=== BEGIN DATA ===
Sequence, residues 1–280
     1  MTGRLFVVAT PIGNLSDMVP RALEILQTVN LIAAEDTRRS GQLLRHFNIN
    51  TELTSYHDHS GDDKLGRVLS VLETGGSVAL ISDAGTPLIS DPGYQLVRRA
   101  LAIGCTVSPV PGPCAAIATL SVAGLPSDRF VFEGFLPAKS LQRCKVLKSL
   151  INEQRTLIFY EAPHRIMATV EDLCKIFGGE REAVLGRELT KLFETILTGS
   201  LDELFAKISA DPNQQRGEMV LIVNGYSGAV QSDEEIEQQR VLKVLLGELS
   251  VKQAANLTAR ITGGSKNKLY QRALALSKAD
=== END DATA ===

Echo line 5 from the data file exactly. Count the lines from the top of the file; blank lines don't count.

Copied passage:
   151  INEQRTLIFY EAPHRIMATV EDLCKIFGGE REAVLGRELT KLFETILTGS